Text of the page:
I often get questions about the importance of teaching technology skills, such as using a mouse, clicking, double-clicking, drag and drop, keyboarding, etc. I have always had the philosophy that students learn these thing by using technology on a regular basis. I decided to put this theory to the test with my own child, a kindergartener. I admit, he is probably more tech-savvy than the average five-year-old. However, his tool of choice is the iPad. He has a laptop (a MacBook that I passed down to him when I upgraded to the MacBook Pro), but rarely uses it, unless his teacher sends home a recommended website or online activity.
This evening, I decided to have him practice reading using some online websites. He grew weary of that and asked me to find him something “different”. I immediately though of the program that is used in our district to teach the technology application TEKS. I assigned him the Kindergarten curriculum and observed him closely as he completed the first lesson (click, double-click, drag and drop). He was bored. He already knew those fundamentals, just from exposure to computers. He also knew several of the next lessons.
If we expose students to technology on a regular basis by integrating into instruction, do we need a stand-alone technology applications curriculum? Should we differentiate this instruction like core content areas? What technology skills to student have when they walk into the classroom? How can we assess?
No, I am not cheering on the Dallas Cowboys this week, I have been defending the concept of student-centered “instructional technology” all week in my doctoral class (via online discussion board). Although, I love talking instructional tech, there a few (well, more than a few) things that simply amaze me in 2011 (almost 2012):
- Why are we still having conversations about smartboards and document cameras being the answer to integrating technology in the classroom? (I am not saving they don’t have some value, however research shows these are typically overpriced, teacher-centered presentation tools that do not help student to create, collaborate and innovate.)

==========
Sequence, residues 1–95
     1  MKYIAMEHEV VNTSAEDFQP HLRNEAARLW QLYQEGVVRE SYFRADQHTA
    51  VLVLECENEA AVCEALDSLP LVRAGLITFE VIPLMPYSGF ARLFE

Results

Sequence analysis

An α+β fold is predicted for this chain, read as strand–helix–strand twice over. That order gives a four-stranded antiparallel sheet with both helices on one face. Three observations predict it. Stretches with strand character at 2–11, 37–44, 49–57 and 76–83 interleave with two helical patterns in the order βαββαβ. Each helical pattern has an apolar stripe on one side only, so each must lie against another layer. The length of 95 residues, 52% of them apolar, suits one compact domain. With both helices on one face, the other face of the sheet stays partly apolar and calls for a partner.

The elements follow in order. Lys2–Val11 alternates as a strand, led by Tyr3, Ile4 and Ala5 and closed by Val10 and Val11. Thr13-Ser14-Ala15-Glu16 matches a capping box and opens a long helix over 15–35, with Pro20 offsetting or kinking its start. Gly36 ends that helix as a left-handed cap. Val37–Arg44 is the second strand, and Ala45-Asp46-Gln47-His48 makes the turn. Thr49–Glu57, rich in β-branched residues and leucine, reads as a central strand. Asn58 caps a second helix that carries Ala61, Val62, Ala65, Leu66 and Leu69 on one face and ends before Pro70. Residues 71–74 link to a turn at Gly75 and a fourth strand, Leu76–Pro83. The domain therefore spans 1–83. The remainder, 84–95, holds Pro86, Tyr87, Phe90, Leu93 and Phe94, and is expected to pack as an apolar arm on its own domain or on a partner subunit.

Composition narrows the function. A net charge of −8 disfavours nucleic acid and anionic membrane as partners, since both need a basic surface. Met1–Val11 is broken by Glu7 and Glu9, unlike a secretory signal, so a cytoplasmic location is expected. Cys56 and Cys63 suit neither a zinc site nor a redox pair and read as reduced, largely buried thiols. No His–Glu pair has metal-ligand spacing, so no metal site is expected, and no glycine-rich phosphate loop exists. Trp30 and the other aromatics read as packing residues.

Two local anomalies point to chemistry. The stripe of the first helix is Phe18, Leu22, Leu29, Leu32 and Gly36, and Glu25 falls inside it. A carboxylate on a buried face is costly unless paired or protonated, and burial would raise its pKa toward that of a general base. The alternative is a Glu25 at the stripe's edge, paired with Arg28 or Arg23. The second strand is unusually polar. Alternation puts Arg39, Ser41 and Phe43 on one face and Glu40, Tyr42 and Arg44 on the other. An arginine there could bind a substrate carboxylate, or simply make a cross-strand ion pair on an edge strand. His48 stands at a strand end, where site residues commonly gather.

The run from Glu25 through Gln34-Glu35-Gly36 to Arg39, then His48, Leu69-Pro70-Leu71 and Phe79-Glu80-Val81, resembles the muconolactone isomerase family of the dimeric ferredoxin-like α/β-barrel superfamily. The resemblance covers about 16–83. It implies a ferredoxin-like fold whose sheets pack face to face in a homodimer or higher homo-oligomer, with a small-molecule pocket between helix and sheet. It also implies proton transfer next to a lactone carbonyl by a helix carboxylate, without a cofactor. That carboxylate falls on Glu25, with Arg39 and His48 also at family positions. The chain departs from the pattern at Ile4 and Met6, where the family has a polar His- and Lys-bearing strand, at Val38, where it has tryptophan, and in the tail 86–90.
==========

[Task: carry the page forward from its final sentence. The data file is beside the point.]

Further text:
- Why is it so difficult to understand the concept of student-centered instruction? (Let’s focus on tools for STUDENTS.)
- Why have these people not heard of NETS-S and LoTi? (C’mon, NETS-S are national standards!)
- Here are a few of the responses from this week…
- There is somewhat of a “stigma” that technologies do not contribute to building academic skills and the students are just having fun and not really learning.
- In my district teachers utilize Smartboards and document cameras. What does a true technology integration look like?
- I would question this as the interactive piece should also be used for the students to interact with the board as well. In addition the slate and SMART Response (used to be Senteos) are another way that brings the students into the mix–specifically for formative assessment. Hence, maybe the goal of the learning team from the PLC could focus on using this technology to make it a student centric learning environment.
- The students interact with the whiteboard and are aware of its functions. Does this count?
- Technology must be used for a practical purpose—that is, taking the fundamentals and technology learned over a semester and applying it to a final project, where creativity and uniqueness is required and rewarded.
(1) Fortunately, the teachers in my school district do not share that stigma. That sounds like an issue of how technology is currently being used is your district. What has been the focus of your staff development? Is it focused on technology tools or is the focus on integrating technology in curriculum and instruction? Have teachers been given specific examples of how laptops can be integrated in their content area instruction? Have exemplar lessons been created to guide teachers through the process of developing technology rich lessons?
There is tremendous potential of technology beyond building skills. We focus more on how technology integration can contribute to the rigor and relevance in curriculum and instruction. We look at four factors: higher order thinking skills, engaged instruction, authentic learning, and technology used. Again, the focus is on instruction and how technology can be integrated to enhance instruction.